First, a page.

Ferndale police partner with Common Ground for mental health calls

By: Mike Koury | Woodward Talk | Published June 23, 2021

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FERNDALE — The Ferndale Police Department is partnering with a crisis services agency to help individuals suffering from mental health issues.

The department is working with Common Ground to help the city’s first responders with crisis management support, specifically to “connect in-need individuals and families with available programs and services,” according to a press release.

Project Director for Common Ground Elizabeth Kjar said the program came about through several Substance Abuse and Mental Health Services Administration State Opioid Response grants to expand their follow-up services within Oakland County.

Kjar elaborated that the aim is to create partnerships with law enforcement to increase people’s access within communities to mental health services and community resources.

“If they believe that an individual is in need of mental health services or victim advocacy — any victim of any crime or substance abuse services — they can offer the individual a follow-up contact from Common Ground and they would submit a referral to us and then we would contact that individual and explain what we’re doing, explain the services and resources that are available to them, and make sure that they’re linked and connected to whatever it is that they need that will help them to address any of the mental health initiatives or anything related to providing assistance with the trauma that they’ve experienced or substance abuse treatment and services,” she said.

Ferndale Police Chief Dennis Emmi said the partnership is a good start for the department to incorporate a more services-driven response to mental health calls.

“Our officers are pretty limited as far as their abilities to handle mental health,” he said. “Basically, they can petition somebody to the hospital if they are suicidal, homicidal or can’t take care of their basic needs. That is pretty much the extent. Anything else is like a referral service.”

Through the program, Ferndale officers will be trained to ask individuals questions to determine whether they need crisis intervention. These questions include yes-or-no questions about violence, substance abuse and whether they’ve had thoughts of suicide or self-harm. Common Ground would then follow-up with people with referrals and a “continuity of care.”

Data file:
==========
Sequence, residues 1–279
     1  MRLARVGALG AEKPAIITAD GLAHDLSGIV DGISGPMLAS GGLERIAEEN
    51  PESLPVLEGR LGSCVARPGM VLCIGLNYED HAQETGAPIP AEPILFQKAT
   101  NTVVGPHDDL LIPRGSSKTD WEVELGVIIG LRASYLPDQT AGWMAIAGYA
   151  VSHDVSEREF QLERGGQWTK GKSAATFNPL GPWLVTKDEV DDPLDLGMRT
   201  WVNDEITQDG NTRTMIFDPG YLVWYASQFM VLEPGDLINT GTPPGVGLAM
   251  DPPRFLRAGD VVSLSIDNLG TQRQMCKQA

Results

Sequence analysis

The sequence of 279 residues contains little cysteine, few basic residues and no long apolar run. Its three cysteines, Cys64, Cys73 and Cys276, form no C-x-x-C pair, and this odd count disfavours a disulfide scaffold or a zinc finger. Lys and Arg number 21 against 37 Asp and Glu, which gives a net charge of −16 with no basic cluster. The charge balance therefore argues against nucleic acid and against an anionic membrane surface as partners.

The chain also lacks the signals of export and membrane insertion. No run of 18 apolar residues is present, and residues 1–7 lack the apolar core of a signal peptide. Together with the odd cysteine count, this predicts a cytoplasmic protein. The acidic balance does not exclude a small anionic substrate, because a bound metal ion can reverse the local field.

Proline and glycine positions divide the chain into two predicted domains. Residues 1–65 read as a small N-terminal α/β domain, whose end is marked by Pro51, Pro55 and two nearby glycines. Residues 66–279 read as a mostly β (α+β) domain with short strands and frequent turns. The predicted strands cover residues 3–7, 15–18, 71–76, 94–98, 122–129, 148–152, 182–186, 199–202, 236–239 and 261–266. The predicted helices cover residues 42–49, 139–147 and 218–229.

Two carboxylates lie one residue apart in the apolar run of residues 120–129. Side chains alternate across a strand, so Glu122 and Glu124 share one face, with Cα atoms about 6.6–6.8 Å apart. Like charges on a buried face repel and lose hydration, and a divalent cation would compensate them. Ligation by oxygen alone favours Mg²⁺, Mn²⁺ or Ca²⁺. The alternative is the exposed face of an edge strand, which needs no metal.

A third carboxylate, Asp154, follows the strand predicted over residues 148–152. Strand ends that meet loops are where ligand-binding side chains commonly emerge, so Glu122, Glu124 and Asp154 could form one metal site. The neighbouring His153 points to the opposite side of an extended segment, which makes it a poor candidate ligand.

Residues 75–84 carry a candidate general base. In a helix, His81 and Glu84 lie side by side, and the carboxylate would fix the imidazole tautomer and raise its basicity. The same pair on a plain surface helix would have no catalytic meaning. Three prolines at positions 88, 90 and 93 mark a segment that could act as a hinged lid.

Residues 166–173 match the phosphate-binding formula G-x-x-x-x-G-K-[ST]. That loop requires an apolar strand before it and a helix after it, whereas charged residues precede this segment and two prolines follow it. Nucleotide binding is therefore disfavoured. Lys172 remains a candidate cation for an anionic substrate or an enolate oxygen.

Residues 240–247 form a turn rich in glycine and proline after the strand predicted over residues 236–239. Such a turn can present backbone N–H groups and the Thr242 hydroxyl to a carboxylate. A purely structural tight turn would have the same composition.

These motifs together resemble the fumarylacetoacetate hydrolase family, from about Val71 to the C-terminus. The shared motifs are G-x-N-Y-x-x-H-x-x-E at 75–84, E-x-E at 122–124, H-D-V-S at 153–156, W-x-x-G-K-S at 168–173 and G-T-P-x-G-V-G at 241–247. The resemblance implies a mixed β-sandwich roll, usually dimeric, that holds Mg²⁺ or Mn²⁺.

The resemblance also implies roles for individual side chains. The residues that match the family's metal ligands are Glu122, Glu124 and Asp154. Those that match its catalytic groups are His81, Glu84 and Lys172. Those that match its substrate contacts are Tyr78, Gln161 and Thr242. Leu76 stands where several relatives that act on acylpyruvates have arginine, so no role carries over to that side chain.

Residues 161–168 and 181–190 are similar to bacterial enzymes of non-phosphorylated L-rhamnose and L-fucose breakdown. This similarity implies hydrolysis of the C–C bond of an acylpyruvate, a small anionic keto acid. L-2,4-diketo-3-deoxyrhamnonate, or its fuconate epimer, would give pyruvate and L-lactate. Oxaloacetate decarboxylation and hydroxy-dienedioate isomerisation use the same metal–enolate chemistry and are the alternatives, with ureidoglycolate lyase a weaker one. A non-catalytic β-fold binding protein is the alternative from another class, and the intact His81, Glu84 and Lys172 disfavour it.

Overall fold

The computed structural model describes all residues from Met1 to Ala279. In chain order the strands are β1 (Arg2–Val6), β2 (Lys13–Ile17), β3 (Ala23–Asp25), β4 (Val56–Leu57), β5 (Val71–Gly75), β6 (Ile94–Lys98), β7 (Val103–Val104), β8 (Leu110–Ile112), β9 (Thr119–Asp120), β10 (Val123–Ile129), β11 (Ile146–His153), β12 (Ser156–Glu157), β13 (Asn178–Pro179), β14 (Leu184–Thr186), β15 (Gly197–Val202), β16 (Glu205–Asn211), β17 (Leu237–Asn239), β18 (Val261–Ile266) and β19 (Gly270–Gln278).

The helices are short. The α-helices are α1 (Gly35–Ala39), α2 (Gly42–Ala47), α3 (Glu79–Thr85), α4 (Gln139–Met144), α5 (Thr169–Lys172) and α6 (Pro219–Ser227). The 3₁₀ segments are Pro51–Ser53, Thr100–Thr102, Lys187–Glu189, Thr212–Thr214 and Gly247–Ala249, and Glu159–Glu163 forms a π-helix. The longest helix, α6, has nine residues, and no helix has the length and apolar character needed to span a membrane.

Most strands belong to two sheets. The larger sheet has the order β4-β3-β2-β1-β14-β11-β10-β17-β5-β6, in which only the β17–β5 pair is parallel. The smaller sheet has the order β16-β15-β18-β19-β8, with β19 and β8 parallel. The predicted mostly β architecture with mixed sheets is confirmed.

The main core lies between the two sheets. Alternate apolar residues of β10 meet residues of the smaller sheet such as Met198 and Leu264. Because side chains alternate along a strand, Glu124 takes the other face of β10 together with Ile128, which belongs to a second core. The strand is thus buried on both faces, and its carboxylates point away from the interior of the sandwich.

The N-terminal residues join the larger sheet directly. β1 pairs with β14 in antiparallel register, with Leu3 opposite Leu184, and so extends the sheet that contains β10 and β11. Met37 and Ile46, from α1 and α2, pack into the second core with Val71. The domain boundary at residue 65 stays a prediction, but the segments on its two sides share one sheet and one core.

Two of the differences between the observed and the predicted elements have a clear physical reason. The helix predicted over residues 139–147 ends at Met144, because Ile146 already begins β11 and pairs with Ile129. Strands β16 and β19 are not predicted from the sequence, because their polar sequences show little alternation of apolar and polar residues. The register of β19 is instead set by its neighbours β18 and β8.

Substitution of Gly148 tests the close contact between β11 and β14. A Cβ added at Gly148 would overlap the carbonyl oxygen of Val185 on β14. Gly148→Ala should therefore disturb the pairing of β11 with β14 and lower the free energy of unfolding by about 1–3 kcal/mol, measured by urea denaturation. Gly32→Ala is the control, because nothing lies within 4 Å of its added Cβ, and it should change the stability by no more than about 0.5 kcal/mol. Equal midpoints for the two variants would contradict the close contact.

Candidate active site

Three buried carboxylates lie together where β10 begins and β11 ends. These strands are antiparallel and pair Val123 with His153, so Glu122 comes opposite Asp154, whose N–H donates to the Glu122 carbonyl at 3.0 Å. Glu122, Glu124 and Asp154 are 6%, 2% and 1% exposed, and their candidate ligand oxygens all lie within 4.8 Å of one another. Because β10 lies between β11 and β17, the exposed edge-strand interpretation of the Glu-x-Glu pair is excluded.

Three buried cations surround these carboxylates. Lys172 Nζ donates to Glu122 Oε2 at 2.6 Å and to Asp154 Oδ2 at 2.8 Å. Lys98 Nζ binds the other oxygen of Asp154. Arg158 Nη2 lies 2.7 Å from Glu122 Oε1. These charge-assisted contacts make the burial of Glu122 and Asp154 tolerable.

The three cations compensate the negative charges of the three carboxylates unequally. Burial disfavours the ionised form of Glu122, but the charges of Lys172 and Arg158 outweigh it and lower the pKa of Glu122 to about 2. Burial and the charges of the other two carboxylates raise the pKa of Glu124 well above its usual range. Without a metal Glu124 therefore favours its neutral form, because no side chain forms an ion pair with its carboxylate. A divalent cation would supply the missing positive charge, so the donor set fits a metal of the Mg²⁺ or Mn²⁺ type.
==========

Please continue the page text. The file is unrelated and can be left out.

The press release states that severe cases that require immediate intervention or hospitalization will be managed by Common Ground’s Mobile Crisis Response Team. Subsequent care will consist of support services, substance abuse treatment and intervention, and assistance with identifying and eliminating high-risk or dangerous situations.

“We’re hoping that this program is that tool that bridges that gap between the very limited response we had into something that’s more (of a) complete service,” Emmi said. “We’re pretty excited. We’re hopeful that this is an answer to those people who fall through the cracks that we come into contact with.”

Emmi said the core reason for the calls Ferndale officers often receive, whether it is petty theft or family trouble, is a mental health crisis. In many of those cases, the officer might not have a lot of experience dealing with that type of situation.

“They just handle a call on its face value as whatever crimes they’re dispatched to investigate, and they miss clues on the underlying issues,” he said. “Hopefully, this training and this referral process helps us bridge the gap.”

Kjar said the program will continue to maintain contact with individuals for up to a year to make sure they’re connected to the resources they need and that they’re able to access them.

Common Ground started its first partnership with the police department in White Lake Township. The pilot program was used to figure out what was working with the partnership and what wasn’t. Once everything was situated, Kjar said, the program branched out to other law enforcement agencies and communities in Oakland County.

“It’s provided additional support for (police),” she said. “It’s also kind of helped with reducing some of the repeat calls that police officers continue to get because, as we know, lots of people, when anything happens, they just call 911. … They’re not necessarily equipped to provide social services to individuals, and so I know for many of the law enforcement (communities), it’s helped to reduce some of those calls that they constantly get, because now the individual is connected to the right social service that they really need so they don’t have to rely on law enforcement to constantly have to address something that’s not necessarily law enforcement related.”